Preparing for breast cancer surgery

Posted by Sara Liyanage on 04 February 2023

someone writing a checklist.

We’ve put together a suggested list of ways in which you can prepare for surgery, from our perspective as patients. Your medical team will also have some tips and advice for you.

Organising checklist

Whatever type of surgery you are due to have (lumpectomy, mastectomy, reconstruction or auxilliary node clearance) here are some suggested items to get prepared:

  • Stock up on toiletries and medication Make sure you have sufficient toiletries, medication and prescription medications for during your hospital stay and the recovery period at home. You could also organise your ongoing medication to be delivered by your local chemist. Toiletries that are useful during your hospital stay are: toothpaste, regular facial toiletries or face wipes, soap, dry shampoo, wet wipes, throat lozenges, lip balm, hand cream and arnica cream for the bruising (but check with your surgeon whether you can use arnica cream).
  • Go shopping for the items for your hospital bag. This includes things like an eye mask, ear plugs, tissues, hand sanitiser, a small travel fan, hair bands, a magazine/book and extra long phone charger. Take a look at the hospital bag list below for a full list of what we recommend you take to hospital.
  • Drain bags For node clearance and a mastectomy you’ll need one or two drain bags depending on whether you are having surgery on one or two sides. You may have something at home – such as a lightweight tote bag – which will do the job just as well as a special drain bag.
  • A mastectomy pillow These pillows are used after breast surgery to help support and protect the tender chest area. They help by fitting under the arm when doing everyday tasks such as sitting, sleeping, watching TV and when in the car.
  • Small, soft, squidgy cushion or pillow You’ll need something that you can put under your arm after node clearance surgery.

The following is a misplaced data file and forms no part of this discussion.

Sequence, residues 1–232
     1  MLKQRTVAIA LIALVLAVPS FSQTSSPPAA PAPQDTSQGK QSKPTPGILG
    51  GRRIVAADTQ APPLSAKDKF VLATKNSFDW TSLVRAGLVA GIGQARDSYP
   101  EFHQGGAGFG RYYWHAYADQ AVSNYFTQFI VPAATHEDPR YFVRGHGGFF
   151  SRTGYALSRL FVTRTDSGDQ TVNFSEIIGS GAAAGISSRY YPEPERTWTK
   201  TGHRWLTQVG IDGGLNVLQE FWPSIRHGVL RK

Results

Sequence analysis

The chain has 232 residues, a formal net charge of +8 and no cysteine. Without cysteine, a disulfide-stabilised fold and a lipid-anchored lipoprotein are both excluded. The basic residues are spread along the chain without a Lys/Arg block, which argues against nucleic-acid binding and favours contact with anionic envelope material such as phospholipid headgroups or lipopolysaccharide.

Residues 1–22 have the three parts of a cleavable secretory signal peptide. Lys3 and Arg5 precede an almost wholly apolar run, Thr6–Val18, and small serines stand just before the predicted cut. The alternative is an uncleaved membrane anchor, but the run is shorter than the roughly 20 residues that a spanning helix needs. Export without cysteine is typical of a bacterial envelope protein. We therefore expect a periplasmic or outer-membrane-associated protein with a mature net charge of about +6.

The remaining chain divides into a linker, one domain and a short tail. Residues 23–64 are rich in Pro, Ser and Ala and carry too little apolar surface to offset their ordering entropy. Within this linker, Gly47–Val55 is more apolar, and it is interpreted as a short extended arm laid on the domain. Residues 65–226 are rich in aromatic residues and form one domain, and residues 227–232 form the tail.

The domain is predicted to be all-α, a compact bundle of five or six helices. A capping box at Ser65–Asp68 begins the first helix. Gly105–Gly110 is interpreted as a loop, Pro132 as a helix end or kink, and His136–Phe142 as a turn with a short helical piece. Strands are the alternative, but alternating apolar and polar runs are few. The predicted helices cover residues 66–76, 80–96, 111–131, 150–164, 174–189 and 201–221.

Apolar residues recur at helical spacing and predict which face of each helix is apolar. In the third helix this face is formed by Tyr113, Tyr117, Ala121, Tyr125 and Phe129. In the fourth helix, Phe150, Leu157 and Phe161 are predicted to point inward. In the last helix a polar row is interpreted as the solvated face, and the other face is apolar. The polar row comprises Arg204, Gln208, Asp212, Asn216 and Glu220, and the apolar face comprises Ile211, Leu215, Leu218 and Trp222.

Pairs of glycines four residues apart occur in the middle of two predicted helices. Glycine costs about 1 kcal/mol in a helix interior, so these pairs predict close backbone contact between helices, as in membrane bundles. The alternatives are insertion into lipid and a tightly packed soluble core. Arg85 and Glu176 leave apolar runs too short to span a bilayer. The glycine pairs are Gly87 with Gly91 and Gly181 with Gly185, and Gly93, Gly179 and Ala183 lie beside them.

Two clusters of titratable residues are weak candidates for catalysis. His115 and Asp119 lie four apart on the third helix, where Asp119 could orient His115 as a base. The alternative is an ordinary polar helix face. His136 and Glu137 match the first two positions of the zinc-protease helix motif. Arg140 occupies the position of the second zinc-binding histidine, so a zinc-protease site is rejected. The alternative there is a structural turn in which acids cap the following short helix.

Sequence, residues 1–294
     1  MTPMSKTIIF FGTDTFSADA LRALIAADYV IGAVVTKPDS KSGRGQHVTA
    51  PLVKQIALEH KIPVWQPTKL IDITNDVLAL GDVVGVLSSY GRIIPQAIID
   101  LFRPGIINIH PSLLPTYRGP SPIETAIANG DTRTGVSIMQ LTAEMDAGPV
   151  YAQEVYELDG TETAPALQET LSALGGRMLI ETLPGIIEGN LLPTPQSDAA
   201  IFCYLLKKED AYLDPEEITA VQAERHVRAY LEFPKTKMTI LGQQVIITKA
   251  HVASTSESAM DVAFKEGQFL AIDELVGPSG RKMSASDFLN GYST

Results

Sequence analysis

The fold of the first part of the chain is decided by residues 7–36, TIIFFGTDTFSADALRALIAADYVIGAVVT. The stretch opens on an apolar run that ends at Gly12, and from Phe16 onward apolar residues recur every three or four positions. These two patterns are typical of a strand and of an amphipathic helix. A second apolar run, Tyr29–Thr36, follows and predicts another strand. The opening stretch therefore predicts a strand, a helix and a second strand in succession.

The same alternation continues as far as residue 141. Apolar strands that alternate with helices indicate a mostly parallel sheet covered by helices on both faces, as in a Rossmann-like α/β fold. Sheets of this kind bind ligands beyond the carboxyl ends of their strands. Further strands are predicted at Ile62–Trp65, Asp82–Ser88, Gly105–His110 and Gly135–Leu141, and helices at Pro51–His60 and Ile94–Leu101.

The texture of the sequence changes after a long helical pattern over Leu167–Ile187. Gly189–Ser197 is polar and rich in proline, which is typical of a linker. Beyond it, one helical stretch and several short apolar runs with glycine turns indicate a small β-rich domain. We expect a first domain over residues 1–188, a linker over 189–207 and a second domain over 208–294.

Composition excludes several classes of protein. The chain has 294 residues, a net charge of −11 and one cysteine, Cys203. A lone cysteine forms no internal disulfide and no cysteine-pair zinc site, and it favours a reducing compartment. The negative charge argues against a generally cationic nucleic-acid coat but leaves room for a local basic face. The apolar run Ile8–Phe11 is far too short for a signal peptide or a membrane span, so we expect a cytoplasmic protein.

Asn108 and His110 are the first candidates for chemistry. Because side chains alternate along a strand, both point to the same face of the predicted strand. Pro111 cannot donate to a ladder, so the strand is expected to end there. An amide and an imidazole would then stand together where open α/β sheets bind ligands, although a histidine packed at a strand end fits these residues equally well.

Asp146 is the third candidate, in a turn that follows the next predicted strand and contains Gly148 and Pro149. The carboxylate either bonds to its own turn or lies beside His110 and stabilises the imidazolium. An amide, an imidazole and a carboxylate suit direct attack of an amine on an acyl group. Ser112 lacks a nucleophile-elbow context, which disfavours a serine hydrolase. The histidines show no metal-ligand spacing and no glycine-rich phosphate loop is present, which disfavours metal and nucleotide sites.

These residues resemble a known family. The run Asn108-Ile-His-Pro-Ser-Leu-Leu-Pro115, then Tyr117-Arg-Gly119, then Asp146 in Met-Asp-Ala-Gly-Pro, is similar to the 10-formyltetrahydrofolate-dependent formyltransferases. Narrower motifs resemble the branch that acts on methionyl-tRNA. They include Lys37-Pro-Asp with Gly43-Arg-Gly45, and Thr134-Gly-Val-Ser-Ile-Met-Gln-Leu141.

• Extra pillows to help night time sleeping Plan how you will sleep at night when you get home from hospital. You may find that a “cheese wedge” pillow or a body shaped pillow might help support you at night.
  • Stock up on straws When your movement is limited, it’s a lot easier to drink from a cup with a straw than reach for the cup and hold it up to your mouth. You’ll need to take these to hospital and have them at home afterwards.
  • Flannels or sponges These can help with body washes when you can’t have a shower or bath after surgery. Wet wipes are also really handy.
  • Comfy clothes for recovering at home You’ll need soft, comfy clothing that can accommodate the tubes and drains coming out of your armpit/chest and clothes that you can put on without having to move your arm(s) much. Front fastening tops and loose pull on trousers work well.
  • Post-surgery compression socks Ask your hospital if they will be providing you with compression socks for once you are out of surgery. If not, then it is worth getting a pair to wear for a couple of weeks after surgery whilst you are recovering. Having two pairs is helpful.
  • Invest in a good thermometer This will be invaluable if you’re feeling unwell post-surgery (and you’ll need it if you’re also having chemotherapy).
  • A little picker One of those things to pick up something from the floor without having to bed down. These are invaluable if you have small children.
  • Contact numbers Make sure you record the number for who you need to call about any questions to do with the recovery and drain. Also have the emergency hospital number in your phone.
  • Prepare the house You’ll be out of action for a while after surgery so clean the house, change the bedsheets and wash the towels in advance of surgery day.
  • Prepare meals in advance Make sure you do a grocery shop just before the surgery so you don’t need to go food shopping for a while afterwards and make/freeze some meals that you can heat up. Soups and plain easy meals work well.
  • Plan childcare Is there someone who can help you with childcare while you’re recovering from surgery? Is there someone who can take the children to and from school?
  • Prepare your kitchen Put key things in easy to reach, easily accessible places. For example, put things on the counter that are usually kept on high shelves and cupboards such as mugs, glasses, plates and lightweight pans.
  • Prepare a recovery basket for home Have a basket of useful items such as tissues, glasses, phone charger, pain killers, water bottle and so on. You can have a recovery basket beside your bed and another in your lounge.
  • Plan how to keep a record of your medication You’ll be given pain medication so you’ll need to keep a record of when you need to take it and then make a note of when you take it. There are phone apps or use the notes on your phone or a notebook and pen.
  • Door sign When you’re home from surgery it can help to have a sign on your front door explaining that you can’t answer the door and ask them to call your mobile.
  • Recovery exercises You will be given exercises to do a few times every day to help improve your arm mobility. Make sure you know what you’re doing and set a reminder to do them daily.
  • Help getting to and from hospital Can you ask someone to take you and bring you home from hospital as you will be unable to drive (remember to ask your breast consultant when you are likely to be driving again).